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Do You Make New Years Resolutions?

Like every other Query, this one turned out to be more interesting than I anticipated.  I really had no preconceived ideas about what people would say, and I was pretty curious.  If I thought anything, it was that the responses would be about 50/50 “Yes” and “No”.

Ultimately, of the people I talked to, more of them do not make resolutions.  The general consensus was, “Why make a resolution you’re not going to stick to?”  But there were stronger opinions, as well:

New Years’ Resolutions are simply something that somebody started, that caught on, that no one follows up on.  That’s all that it is…it’s a fake promise…hollow words.  So I don’t do them.

That response made an impression on me, I think because I’ve been feeling so optimistic about the resolutions that I made.  It seemed a rather dark comment, cynical, as though a person might make a resolution purposely to deceive.  I don’t mean to say that’s how the comment was meant.  I don’t know how it was meant, and I wish I had asked.  

And then there’s this:

Sometimes for me, when you say you have a New Years Resolution, it doesn’t have a positive connotation.  It’s almost like you know you haven’t met your goal, you’re not living up to your potential, or you’re not doing things the way you should be doing them.  So you make this resolution to do better, or whatever, knowing the whole time that you’re not going to do better.  But it’s almost like, here, I’m going to make this resolution – I’ve been failing at it all these years, or whatever, but I’m going to make this resolution and I’m not going to fail at it again.  Then the first week, you’ve failed at it again.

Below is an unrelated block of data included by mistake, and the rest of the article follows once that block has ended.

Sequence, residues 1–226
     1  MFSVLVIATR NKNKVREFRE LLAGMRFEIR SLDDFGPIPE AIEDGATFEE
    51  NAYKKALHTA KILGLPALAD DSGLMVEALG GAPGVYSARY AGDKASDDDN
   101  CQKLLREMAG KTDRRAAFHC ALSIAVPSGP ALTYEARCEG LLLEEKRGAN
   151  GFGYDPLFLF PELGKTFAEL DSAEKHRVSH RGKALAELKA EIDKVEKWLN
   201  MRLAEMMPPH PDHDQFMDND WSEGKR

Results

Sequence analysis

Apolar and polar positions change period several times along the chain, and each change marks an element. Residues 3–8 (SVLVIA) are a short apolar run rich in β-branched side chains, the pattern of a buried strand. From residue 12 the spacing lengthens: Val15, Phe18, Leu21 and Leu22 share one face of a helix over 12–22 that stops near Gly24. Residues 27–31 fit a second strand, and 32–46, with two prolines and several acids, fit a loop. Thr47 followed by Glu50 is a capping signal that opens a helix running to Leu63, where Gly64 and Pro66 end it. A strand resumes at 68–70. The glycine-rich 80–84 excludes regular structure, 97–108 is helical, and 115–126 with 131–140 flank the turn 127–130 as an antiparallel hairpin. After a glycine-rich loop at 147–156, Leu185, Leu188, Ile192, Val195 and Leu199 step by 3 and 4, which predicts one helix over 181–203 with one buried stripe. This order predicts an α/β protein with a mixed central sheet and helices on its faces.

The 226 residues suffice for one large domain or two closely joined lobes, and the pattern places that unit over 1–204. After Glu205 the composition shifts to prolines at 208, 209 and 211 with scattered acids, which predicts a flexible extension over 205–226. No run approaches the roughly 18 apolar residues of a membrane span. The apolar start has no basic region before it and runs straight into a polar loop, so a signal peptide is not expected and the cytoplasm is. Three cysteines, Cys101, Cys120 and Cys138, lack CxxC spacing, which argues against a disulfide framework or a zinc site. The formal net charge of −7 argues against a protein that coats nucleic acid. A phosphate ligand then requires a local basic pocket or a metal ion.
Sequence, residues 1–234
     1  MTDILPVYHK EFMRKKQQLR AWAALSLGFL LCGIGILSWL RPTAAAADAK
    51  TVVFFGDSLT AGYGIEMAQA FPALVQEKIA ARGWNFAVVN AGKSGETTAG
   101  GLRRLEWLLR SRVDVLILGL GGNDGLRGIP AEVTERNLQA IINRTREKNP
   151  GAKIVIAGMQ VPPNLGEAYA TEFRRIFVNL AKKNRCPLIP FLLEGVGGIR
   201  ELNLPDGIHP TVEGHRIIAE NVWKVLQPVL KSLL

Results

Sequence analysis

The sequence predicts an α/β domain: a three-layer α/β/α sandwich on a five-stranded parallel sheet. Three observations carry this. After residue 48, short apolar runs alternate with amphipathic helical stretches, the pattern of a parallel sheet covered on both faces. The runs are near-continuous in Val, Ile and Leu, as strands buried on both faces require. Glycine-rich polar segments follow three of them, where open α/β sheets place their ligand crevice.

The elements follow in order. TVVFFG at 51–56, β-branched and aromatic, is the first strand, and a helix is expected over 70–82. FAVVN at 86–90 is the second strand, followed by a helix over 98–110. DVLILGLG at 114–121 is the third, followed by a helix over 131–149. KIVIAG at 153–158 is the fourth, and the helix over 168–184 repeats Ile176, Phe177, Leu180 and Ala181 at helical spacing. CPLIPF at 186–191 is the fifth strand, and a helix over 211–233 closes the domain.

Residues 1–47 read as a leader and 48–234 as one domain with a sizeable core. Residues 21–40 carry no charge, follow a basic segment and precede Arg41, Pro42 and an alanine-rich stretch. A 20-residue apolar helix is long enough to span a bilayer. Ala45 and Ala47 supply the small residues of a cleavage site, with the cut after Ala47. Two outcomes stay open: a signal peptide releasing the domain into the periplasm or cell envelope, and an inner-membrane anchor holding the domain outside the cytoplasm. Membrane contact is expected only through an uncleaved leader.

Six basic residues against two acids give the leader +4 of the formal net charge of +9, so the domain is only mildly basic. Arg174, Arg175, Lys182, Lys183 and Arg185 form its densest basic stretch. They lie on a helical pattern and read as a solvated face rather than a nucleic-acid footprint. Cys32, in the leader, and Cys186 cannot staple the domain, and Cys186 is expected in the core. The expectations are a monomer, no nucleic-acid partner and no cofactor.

That’s daunting.  And for me, that’s familiar.  I have felt that in the past, and it’s why I stopped making resolutions so long ago: they were just one more thing to feel bad about.  Even as I wrote the resolution, I was telling myself that I would fail.  But that goes back to optimism and belief in yourself.

As I said, I’m feeling more optimistic this year, and that’s what prompted me to make a few resolutions.  I think attitude has a lot to do with it, and just who you are in general – all the variables exist for this question as for anything we do in our lives: personality type, life situation, mental and emotional state, etc.  You have to know yourself and act accordingly.

For some, it is or would be an empty promise, hollow words. For some, it would be a waste of time, a futile exercise, because they don’t really want to do these things and will let them fall by the wayside pretty quickly.  For some, it’s just a matter of making the decision to work really, really hard.  But for some, making a resolution ends up being an emotional kick in the gut, because these are things that they want to do or change, but they don’t know how or they don’t have the physical, emotional, financial, mental, spiritual – whatever – resources to make it happen.  

And for some, it’s just a matter of course: these are the things I want to work on, so let me get started.

.

Here is what some other people said:

Nadia:  I do, just because I feel like it’s a tradition, but I don’t usually keep them.  But as I get older, I try to make ones I can keep, rather than to make one just to make it.  I don’t usually write it, but I usually tell people so I can be held accountable.  If no one knew, then it would be easier to just break it.

Jessica:  I don’t make New Years resolutions…I’m lazy.  I’m not gonna do it.  I can say that all the time, but I’m not gonna do it.  I’ll do it for like two days and then I’ll quit.